By Tim Harfmann
Over 100 worshipers gathered at Park East Synagogue in Manhattan to stand together in prayer and unite against hatred. The bishop of Brooklyn, Nicholas DiMarzio, was one of many religious leaders in attendance. He said regardless of denomination, worshipers must be strong following the Pittsburgh shooting.
“We can’t be afraid to worship. That’s one of the basic freedoms we have in the United States,” said Bishop DiMarzio. “If we stay home because we’re afraid of coming to places of worship, we let those who are for hate win. We can’t let that happen.”
That was a message echoed by New York’s Cardinal Timothy Dolan — have faith in God during this tragic time. “He wants us not to wallow in mourning, but to behold a fresh morning where His grace and mercy rises unfailingly with His Son,” said Cardinal Dolan.
Wearing “united against hate” t-shirts, students from the neighboring Jewish elementary school lit candles for the 11 men and women killed at Tree of Life Synagogue. Lauren Myer teaches the Manhattan students. She grew up in Pittsburgh and attended temple there. “I know a couple of the victims from high holidays and Saturday and Sunday mornings there. It’s heartbreaking. They’re related to some of my friends. It’s devastating what they’re going through,” Myer said.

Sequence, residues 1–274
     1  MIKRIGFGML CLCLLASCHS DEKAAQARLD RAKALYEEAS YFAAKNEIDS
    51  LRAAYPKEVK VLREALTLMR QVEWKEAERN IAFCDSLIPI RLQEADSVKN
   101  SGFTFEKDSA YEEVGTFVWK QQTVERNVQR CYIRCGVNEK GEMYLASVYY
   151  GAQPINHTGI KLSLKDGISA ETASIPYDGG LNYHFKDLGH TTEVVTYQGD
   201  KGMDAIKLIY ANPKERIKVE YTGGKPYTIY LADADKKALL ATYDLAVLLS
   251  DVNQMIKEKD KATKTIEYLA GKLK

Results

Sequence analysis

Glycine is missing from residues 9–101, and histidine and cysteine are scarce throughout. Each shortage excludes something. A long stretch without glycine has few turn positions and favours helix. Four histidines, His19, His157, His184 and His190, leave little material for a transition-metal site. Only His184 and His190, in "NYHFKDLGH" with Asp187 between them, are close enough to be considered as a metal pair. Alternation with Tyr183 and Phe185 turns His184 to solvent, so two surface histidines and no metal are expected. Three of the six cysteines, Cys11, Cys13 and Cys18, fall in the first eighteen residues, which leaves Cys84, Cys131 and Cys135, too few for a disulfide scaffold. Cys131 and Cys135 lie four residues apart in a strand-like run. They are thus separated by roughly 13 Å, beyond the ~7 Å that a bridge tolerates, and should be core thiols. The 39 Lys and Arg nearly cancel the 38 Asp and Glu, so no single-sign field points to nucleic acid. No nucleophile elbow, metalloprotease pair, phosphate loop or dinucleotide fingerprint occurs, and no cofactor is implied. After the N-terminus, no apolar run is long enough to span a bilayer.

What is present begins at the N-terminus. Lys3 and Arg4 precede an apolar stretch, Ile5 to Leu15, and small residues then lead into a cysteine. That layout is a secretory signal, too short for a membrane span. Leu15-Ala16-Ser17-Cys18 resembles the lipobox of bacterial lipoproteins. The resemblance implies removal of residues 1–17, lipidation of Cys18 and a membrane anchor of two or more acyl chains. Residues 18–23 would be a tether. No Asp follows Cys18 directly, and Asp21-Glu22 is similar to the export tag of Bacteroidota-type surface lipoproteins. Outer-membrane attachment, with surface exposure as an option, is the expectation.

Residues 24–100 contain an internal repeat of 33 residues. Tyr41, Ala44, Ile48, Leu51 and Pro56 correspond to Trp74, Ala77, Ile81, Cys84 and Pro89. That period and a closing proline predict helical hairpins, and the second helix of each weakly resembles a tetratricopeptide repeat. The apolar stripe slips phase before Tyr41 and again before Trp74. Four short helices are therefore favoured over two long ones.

But for these worshipers, they stand strong in faith.
“Our country, in many ways, seems divided at this period of our history, which is a terrible thing. But we are united in faith. This terrible tragedy in the Jewish community affects all of us. So we’re here today to show our solidarity with one another,” said Bishop DiMarzio.
“This is a very important message that we need to send to the entire society that Jews and Judaism is not alone in fighting anti-Semitism. Other denominations, other religions, are going to be with Jews facing the threat,” said Boaz Vilallonga. He worships at the Park East Synagogue.
At the end of the event, worshipers sang God Bless America and reiterated their message of hope, faith, and to stand together against hatred